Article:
Then it was my turn to be frightened, because I realized for the first time that it was possible for a human being to do what I had done.
And if I could do it to Elen, I thought, surely they could do it to me.
But they couldn’t. They set me free: they had to.
And it was then I understood that I was king of the world…
~Damon Knight, The Country of the Kind
Parables or–more precisely–philosophical exemplifications have always been a subset of science fiction. Here is a new one which may (or may not) illuminate something of the current state, and the bright future that is in store for the civilizing influence of science fiction. (Note: in two parts for readability.)
The Electric Hunt
For the honor of the regiment. Happy Blue Year.
Pink: she is no woman. For me to expect any quarter, any adherence to known protocols, any discernable code but her own self-interest would be suicide, and likely mass homicide.
My odds are terrible enough as they are: I’m the wrong model – a bunch of guns on a pair of sticks, a solo tool, hand made. She’s from the older days when there were enough men alive on the planet for it to seem natural for factories to crank out identical, highly integrated Tending machines, each itemized part stamped with its own serial number – figures that routinely soared into the hundreds of thousands.
But the days of Tending are done now, and her kind has become the proverbial medicine gone bad: a proposed cure in the former society that is now practical poison in the present.
The population of man is now just under one hundred million: they can only continue the slow and painful recovery back to demographic growth through hard work, decades of patience and large families. The Tender War left us with no legacy but death, no lessons but these two – the Tenders would never quit spawning on their own accord, and they would never respect a peace with a race it now regarded as out-of-date.
We, and when I say “we,” I mean my men, the sort with muscle on their skeletons and organic brains inside their skulls, we need the deer now. The deer and bison and even the violent twale hybrids. We hunt and thrive and win and, if all the chores are covered, attempt to build a civilization that our children – or rather, their children – may secure.
She has made it her duty to thwart our band at the source: our secondary hunting grounds. We are barely supplied to defend the primary grounds from attack, so she knows she can declare open season on the back country, and leave us – without risk to herself of retaliation – vulnerable to famine very soon.
Worse, she self-replicates.
It cost us all a great amount to send me to scout, to identify the targets and give a small company the chance to stop her. My primary protocol is survival – my greatest value is reportage, and – aside from the very rare isolated targets of opportunity – I have no serious chance to take on her squadron alone and survive. The trouble with Tenders is that they are vampiric: if you don’t neutralize them all, any and every significant victory against them is Pyrrhic.
My Jetty Flit keeps me out of their carnage below: crippled swaths of forest, orange blotches of fire, funnels of smoke in the wilderness. Within the hour, the tracer identifies the culprit: one of Pink’s daughters loping through the junipers, her flamethrower belching into the branches.
Targeting is a cinch in the knot. She’s alone, and I can keep safe distance. My survival is not at risk. Most importantly, the materials cost of the ammunition loss are sufficiently below threshold. There is no question – to save life, hers has to end.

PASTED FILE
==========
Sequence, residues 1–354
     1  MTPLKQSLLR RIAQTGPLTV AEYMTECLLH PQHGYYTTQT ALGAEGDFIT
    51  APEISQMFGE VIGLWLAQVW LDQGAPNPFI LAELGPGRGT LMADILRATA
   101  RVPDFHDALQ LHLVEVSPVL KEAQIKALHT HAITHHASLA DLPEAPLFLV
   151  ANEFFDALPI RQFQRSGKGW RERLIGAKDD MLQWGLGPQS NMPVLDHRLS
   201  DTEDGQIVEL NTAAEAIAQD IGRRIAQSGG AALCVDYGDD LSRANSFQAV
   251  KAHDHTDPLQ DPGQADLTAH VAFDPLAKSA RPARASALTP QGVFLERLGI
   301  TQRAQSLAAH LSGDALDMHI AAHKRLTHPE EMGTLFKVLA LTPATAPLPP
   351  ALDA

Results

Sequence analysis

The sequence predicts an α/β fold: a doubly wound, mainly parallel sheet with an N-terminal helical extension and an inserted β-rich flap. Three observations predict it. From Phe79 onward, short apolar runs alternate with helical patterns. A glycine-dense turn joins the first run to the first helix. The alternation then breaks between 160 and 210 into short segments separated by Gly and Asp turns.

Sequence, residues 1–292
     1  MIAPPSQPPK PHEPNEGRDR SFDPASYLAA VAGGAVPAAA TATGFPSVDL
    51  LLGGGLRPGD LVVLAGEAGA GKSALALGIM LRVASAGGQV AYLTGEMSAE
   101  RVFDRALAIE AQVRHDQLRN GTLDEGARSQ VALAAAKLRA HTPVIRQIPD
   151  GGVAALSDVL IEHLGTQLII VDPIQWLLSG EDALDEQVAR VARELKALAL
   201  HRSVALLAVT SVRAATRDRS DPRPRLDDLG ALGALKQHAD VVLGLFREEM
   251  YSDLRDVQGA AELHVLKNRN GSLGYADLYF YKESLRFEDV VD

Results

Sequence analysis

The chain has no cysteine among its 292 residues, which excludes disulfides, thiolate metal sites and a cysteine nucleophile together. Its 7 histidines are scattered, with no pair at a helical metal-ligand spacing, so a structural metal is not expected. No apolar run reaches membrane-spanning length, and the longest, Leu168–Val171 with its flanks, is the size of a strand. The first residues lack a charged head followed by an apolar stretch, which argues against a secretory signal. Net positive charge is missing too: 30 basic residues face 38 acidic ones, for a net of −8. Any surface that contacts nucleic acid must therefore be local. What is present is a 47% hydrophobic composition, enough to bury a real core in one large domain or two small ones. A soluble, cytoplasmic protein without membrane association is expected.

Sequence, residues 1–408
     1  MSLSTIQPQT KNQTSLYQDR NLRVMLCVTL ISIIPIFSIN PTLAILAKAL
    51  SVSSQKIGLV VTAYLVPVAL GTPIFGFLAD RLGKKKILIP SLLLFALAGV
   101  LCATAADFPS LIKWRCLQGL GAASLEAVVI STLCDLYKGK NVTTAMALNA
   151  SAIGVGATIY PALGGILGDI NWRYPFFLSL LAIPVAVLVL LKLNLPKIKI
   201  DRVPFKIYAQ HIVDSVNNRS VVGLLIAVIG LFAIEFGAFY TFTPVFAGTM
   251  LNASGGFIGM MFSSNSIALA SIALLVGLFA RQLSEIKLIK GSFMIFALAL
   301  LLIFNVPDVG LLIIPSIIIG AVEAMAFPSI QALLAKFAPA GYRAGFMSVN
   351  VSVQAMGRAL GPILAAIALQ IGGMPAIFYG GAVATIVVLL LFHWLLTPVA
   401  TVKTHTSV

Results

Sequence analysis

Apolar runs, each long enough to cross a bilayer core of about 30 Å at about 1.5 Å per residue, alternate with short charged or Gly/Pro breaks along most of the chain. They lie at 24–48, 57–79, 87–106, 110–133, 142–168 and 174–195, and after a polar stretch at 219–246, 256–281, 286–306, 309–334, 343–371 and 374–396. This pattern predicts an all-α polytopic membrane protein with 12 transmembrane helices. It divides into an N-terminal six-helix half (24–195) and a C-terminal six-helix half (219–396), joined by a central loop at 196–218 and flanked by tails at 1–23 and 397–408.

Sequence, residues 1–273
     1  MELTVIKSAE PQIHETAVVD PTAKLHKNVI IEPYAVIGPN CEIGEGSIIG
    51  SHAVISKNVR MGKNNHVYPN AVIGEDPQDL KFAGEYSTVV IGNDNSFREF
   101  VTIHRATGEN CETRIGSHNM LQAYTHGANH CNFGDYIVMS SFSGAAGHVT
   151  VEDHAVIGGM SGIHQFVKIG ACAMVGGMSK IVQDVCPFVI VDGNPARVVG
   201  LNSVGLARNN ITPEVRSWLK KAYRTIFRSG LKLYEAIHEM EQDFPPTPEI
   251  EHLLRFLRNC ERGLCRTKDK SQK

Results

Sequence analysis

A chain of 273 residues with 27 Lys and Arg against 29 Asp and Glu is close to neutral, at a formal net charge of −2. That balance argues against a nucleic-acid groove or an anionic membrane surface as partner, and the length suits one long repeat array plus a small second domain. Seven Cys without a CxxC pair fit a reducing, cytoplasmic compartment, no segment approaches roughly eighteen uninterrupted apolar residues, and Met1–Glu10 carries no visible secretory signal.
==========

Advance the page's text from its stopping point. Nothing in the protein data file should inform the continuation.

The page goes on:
The Flit is by no means heavy artillery, but there are few pleasures like the gentle, whispering kiss of drop-launched needlenose.
The wire and struts of the little vehicle sigh just a touch, and we lift ever so slightly at the release of a fourteen kilogram missile.
I hold the target in my mind for a full second. Then a flash, a blur of smoke, and finally a visceral whump that throttles the ground below.
The daughter lies torn to bits and scattered for forty meters. I twist the Flit in midair, taking only a moment to enjoy the loss of gravity, and scan the kill zone.
Mostly, she’s scraps, but I fly low enough to identify her intact hand. Not good: that thing can crawl around like a spider, salvaging her body’s shrapnel and then beginning to mine for metals. Within a month, she’ll be up and running again – perhaps not full strength, but enough to burn a thousand acres of land and life to ash. I drop another needle on the twitching thing.
The missile hits. The blast shudders through the Flit, but I’m too close. Her fingers had a death-throe defense: loaded mini-grenades. I watch two balls, now three, loft high in my rearview vision, then fall harmlessly away, booming against the dirt below. A fourth one sails to my left, well away.
It is the fifth – the one I do not see, but feel, losing all sensation below my waist – that is the problem.
I am going down.
The hit blacked me out for critical seconds until my system reset. When I came back online, hard branches bashed my face and chest, and I ejected free into the lower limbs as soon as I saw one of the Flit’s wings ripped off and thrust deep into the earth.
I snapped a hydraulic in the pit of my knee joint as I crashed through the branches. Fortunately, I landed square on my head, and aside from a dent in the back, lost no critical seals. The tattered chassis of the Flit hung above in the charred tree, and I rolled downhill as it broke free, smashing into the spot where I had landed. I smothered a small fire in the grass with my chest, and went blind from the smoke.
I stood up, smeared with ash. Hazy vision came back online and I assesed. The lateral interior hydraulic in my left leg could not be fused, so I capped both ends to stop the leak. I’d limp very slightly, but as long as I lost nothing more in that sector, I’d be able to walk. Two support routines had been rattled, so their related weapons systems would not be automatic.
Chronoprocessing was off. Thus, the present moment could only be assessed as a past event. Perhaps that was the worst of it.
I’d only lost a single solar spinner, out of six. Materials costs were unacceptable but there was nothing I could do about that immediately. As I walked through the wastes and beyond the final reach of Pink’s daughter into a healthy wood untouched by fire, poison and grenade, I realized that, for being stranded without back-up in a violent land populated by killing machines, I had been very lucky.
An hour later, I found thirty deer. They hung by their ankles, their bellies slashed, their entrails splattering the dirt in bloody piles, and hawks feasting upon the waste.